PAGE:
In an appearance on the Kevin and Bean program on KROQ-FM, Headley said he was aware of private investigators that followed him, and dug through his garbage.[23] He said that Child Protective Services received an anonymous tip that his children were in danger and therefore had to come and do an inspection at his house.[23] Headley said the Scientology practice of Disconnection was enforced upon him and he was no longer able to speak with his family members still in the organization.[23] "When I left in 2005, before I even had a chance to contact any of my family, my mother, my sister and my brother were all informed that they would never be able to speak to me ever again. And I haven't spoken to them since the day I left. And if they do choose to speak to me, then they themselves can be declared a Suppressive Person, and then they won't be able to speak to anybody that they know that's a Scientologist," said Headley.[23] As an example, Headley stated, "When my wife gave birth to our first son, I called her parents from the hospital room. And I called and I said, 'Hey, I just want to let you know, Claire's okay.' Click. They hung up. They've never seen their grandchildren."[23]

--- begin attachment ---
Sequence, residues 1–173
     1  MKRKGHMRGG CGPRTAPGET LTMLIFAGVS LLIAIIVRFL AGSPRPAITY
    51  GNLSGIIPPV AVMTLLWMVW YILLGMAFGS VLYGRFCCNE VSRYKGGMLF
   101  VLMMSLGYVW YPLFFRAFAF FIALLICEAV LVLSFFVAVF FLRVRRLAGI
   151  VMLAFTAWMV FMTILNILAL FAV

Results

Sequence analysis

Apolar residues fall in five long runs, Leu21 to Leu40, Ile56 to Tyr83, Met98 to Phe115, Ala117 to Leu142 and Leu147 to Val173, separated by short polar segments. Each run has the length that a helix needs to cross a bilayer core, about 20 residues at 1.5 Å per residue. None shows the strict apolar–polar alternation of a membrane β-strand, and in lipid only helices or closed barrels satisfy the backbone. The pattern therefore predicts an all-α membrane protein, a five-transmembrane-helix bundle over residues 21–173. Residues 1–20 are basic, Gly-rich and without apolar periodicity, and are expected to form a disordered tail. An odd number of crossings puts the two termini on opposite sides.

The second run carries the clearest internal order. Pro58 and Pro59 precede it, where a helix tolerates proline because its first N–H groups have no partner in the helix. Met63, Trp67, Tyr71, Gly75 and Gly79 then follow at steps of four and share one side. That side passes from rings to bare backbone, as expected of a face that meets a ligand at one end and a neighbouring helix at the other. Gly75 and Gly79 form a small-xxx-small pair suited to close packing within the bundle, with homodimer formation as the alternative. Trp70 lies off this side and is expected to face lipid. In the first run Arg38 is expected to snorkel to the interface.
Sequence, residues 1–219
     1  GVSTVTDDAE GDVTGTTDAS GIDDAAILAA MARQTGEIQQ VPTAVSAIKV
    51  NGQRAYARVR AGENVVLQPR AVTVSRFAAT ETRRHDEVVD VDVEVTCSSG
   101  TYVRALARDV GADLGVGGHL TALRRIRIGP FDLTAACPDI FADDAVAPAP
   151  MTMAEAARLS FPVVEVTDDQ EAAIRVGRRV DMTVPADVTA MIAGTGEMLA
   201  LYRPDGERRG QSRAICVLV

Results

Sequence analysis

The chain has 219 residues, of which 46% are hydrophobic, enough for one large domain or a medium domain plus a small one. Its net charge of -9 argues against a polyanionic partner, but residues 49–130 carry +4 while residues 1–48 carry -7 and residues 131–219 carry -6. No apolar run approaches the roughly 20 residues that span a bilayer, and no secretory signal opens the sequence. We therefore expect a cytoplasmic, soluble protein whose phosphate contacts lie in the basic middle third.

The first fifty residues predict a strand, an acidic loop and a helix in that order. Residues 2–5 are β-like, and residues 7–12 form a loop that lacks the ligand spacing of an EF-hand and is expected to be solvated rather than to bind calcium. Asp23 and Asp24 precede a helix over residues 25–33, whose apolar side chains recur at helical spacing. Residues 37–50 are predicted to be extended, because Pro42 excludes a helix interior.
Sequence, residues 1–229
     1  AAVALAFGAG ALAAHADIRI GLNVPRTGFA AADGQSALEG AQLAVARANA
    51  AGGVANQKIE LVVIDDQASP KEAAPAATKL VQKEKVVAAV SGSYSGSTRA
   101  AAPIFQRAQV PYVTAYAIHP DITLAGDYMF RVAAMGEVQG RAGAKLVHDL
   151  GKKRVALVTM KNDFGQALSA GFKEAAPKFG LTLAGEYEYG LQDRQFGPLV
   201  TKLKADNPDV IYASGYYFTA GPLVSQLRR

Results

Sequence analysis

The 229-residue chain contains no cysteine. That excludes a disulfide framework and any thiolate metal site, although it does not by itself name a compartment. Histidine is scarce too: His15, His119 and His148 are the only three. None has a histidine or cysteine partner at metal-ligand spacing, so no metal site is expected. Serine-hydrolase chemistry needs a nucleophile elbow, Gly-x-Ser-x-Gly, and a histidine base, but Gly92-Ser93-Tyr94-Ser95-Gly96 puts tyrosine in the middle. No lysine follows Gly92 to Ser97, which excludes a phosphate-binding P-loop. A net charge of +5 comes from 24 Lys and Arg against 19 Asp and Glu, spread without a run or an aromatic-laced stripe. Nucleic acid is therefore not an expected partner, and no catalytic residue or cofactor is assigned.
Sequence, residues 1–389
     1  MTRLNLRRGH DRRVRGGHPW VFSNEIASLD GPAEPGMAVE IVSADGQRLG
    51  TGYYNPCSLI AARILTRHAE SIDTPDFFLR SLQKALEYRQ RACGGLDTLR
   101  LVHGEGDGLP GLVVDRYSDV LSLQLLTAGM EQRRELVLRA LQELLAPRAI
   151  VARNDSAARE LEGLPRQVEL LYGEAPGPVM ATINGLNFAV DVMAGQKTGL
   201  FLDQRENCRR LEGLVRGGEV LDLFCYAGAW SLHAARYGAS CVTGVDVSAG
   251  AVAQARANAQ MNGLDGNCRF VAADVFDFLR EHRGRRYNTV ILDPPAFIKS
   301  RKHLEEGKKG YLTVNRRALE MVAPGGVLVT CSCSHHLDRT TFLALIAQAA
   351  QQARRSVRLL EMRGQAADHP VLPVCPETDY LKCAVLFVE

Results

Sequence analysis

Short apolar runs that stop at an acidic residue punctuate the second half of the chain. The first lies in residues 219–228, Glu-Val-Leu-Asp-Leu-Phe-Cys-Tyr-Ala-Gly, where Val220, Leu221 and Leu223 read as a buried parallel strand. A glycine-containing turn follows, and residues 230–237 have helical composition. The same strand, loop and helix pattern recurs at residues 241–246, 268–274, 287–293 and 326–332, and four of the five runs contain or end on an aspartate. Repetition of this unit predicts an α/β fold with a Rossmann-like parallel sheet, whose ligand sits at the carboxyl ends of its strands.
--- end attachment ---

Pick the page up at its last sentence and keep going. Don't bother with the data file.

Reception[edit]

"Headley's story provides a damning account of life working for Scientology leader David Miscavige at the secretive desert base."

 —Editor in chief, The Village Voice[7]

The book was first published November 5, 2009, and was made available through the author's website at www.blownforgood.com and on Amazon.com.[23][24] Blown for Good was selected as a finalist in the 2009 "Book of the Year Awards", by ForeWord Magazine.[25][26] The Editor in chief of The Village Voice, Tony Ortega, described the book as a "remarkable account".[7] Ortega noted, "Headley's story provides a damning account of life working for Scientology leader David Miscavige at the secretive desert base, where young people who sign billion-year contracts work 100-hour weeks for little or no pay with the ever-present threat that they may be pulled into hellish disciplinary drills, or separated permanently from friends and family members for the slightest perceived infraction."[7] He concluded the review by commenting, "Perhaps the best service that Headley provides with Blown for Good is giving non-Scientologists the sense of what it's really like to work, day in and day out, in such a strange organization, from the lowliest laborer mucking out excrement in a Gold Base pond (Headley says shit was coming out of his ears and pores for days) to what kind of luxuries the celebrities and high-ranking members enjoy."[7]